Then once we’re down—at the time we didn’t have a drag chute. We did on my second flight, but we did not, so he flew the nose down. Then I just called the decel rate that we were braking at to come to a stop. I didn’t play a big part in it, other than I was helping him, and I was there to be the redundant system in case something happened to him, prepared to take over should it be required.

Johnson: After the flight, the crew was actually removed on gurneys instead of coming out on your own. Was this for the medical?

Duffy: Maybe one or two of them might have been. Those are things they call DSOs, detailed supplementary objectives, or something like that. Those are things we sign up for ahead of time. They’re voluntary and sometimes they only want one or two subjects; they don’t want everybody. Yes, now that you mention it. I’d kind of forgotten that. I think one or two of the crewmembers did do that. It was because they wanted to try to preserve as much as they could, they wanted to be able to observe the recovery to 1-G from zero-G and, of course, even that way is not completely accurate, because even though you might be lying down, you’re still lying down in 1-G, so there’s some gravity things involved. I had forgotten that. There’s probably a lot I’ve forgotten over the years, a lot of the details.

Johnson: Also, before the flight, Charlie Bolden brought in a psychiatrist to conduct psychological profiling of the crewmembers.

Duffy: Yes, and the families.

Johnson: And the families, so that you would understand how each other operates.

Duffy: Right.

Johnson: Since you flew other times without that, do you feel like that really helped?

Duffy: I thought it was a good thing to do, particularly for a first-time flyer, and it was a little bit of support for my wife as well, so I thought that was good. It’s not a lot different than the way things are done nowadays in different ways. Like this whole Myers-Briggs personality assessment. You know, the whole reason for doing that is to understand your tendencies, the things you’re most likely to do and the way you’re most likely to act, and then understand that other people are wired differently and have other different tendencies.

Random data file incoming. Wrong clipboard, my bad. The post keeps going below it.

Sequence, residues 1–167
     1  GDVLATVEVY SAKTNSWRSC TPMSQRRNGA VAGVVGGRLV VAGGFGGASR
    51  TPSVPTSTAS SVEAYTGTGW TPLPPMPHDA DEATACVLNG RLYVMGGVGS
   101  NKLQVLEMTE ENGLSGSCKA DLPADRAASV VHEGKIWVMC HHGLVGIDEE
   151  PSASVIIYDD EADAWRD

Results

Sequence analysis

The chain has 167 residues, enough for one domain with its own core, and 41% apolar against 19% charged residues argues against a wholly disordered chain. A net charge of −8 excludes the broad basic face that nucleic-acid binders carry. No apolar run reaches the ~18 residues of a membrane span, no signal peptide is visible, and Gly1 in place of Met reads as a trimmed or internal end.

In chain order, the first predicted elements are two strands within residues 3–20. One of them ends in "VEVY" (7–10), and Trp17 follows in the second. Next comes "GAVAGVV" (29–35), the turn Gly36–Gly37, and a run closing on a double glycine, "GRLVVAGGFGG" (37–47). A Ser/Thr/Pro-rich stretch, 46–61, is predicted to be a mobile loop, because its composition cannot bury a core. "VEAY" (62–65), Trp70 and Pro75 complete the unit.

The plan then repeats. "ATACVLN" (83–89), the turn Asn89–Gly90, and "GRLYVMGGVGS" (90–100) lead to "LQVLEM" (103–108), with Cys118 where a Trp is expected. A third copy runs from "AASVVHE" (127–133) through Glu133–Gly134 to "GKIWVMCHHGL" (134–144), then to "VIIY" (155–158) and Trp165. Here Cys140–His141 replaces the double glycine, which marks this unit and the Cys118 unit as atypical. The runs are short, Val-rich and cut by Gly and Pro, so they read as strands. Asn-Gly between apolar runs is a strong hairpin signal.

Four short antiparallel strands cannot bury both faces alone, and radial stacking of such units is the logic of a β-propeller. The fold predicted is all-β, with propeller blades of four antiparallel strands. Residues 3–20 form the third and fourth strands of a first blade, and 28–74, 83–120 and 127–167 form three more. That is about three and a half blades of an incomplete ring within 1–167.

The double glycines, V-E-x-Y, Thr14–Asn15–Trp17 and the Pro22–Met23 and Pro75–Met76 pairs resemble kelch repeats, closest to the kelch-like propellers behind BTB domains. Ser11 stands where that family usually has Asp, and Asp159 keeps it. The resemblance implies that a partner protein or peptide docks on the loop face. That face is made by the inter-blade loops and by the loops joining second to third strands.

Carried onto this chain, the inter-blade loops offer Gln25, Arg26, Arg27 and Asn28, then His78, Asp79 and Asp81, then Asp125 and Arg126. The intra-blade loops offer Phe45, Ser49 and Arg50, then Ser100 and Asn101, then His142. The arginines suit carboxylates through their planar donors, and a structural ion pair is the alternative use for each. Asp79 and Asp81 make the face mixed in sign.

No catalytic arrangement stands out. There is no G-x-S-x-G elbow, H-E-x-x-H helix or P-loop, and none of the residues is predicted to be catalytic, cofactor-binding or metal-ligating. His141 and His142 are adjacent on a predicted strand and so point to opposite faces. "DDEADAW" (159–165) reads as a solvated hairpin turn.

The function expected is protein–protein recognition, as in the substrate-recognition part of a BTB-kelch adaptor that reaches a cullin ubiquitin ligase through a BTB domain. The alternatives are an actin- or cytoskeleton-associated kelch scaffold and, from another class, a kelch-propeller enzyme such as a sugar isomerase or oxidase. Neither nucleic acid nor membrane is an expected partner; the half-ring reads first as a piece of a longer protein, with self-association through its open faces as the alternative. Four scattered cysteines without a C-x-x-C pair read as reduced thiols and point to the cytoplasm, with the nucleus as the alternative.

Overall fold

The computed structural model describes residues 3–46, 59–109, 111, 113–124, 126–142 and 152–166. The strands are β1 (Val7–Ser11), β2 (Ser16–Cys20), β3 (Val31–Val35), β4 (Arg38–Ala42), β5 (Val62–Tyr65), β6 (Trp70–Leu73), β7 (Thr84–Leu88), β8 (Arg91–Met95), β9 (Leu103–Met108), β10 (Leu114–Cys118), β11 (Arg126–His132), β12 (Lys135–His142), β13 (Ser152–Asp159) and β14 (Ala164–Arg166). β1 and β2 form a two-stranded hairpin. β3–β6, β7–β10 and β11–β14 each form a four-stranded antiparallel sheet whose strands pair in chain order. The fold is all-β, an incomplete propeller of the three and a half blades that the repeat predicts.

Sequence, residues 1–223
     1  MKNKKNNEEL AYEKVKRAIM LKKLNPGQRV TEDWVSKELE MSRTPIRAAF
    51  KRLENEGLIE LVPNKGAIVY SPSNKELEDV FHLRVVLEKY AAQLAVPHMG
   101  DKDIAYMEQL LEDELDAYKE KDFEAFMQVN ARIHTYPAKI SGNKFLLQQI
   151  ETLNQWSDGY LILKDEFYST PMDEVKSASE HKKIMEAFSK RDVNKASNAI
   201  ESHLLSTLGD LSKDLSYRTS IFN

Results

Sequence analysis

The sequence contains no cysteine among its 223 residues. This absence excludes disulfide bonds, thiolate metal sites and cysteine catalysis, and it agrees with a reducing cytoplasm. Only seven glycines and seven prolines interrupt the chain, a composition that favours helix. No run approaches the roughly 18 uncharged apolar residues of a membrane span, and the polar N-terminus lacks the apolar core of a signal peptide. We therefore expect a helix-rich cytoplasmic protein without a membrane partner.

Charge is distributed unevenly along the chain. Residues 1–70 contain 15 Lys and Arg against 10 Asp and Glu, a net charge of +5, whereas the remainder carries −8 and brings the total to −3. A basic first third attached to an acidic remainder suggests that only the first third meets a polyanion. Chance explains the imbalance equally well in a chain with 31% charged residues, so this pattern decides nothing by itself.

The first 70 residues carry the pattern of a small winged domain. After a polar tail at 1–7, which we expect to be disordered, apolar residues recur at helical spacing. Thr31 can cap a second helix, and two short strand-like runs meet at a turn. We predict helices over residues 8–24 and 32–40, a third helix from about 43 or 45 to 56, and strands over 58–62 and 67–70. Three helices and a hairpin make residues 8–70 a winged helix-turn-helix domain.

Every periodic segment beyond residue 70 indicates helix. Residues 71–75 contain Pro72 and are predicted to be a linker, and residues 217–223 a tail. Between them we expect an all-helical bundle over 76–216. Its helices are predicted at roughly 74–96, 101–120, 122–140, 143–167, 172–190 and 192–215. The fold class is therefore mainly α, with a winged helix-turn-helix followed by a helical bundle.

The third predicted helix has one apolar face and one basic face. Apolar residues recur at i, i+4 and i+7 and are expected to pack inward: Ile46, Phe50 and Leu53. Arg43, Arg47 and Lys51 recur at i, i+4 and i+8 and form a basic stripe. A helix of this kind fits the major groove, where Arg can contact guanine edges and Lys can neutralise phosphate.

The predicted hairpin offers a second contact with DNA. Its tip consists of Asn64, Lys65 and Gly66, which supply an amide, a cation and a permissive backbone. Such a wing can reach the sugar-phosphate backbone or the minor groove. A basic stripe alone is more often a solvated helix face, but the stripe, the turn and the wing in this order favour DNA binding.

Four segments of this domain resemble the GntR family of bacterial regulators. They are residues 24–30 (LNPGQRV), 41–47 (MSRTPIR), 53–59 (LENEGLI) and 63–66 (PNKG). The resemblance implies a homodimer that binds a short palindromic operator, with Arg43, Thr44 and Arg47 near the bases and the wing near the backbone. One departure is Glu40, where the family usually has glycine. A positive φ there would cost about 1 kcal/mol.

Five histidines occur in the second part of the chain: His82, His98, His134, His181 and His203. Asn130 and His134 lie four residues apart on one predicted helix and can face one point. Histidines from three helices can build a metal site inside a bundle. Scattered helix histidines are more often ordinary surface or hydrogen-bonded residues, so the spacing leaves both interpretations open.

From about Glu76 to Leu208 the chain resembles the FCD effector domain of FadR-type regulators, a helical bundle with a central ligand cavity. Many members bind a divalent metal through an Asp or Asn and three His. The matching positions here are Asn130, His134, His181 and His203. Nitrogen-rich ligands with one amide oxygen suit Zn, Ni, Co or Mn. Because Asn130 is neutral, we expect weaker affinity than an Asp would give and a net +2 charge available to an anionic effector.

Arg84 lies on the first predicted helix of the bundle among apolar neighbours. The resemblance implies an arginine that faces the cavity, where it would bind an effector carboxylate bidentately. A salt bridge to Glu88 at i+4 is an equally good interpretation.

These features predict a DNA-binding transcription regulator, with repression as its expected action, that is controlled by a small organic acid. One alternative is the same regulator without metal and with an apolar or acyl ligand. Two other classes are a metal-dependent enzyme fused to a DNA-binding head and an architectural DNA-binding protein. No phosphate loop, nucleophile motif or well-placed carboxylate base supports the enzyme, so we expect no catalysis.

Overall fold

I’ve thought about that, actually, that this Myers-Briggs stuff that we’re doing nowadays in management is not that different than what Charlie had us do back then. It just was called something different, and instead of taking a standardized test, it was done almost individually, one-on-one kind of thing, but the same idea. I thought it was a good idea. If nothing else, it makes people more aware that, hey, people have different needs than you do, they think differently than you do, they have different priorities than you do, they’re going to react differently. So, yes, it was good.

Johnson: What do you think was your biggest challenge as a crew on that flight?

Duffy: My first flight? Let’s see. We weren’t that experienced as a group. I had never flown. Foale had never flown. Dirk had never flown. Byron had flown once as a PS [payload specialist], in a different role. So that left Charlie and Kathy had flown. I don’t know if she had flown once or twice at that point, but Charlie had flown twice. But we didn’t have a lot of experience, so we just needed to be careful about not making rookie mistakes, not making mistakes from inexperience, and that was a challenge, was to pay attention to the detail, trust the procedures, trust the training, to do what you were trained to do.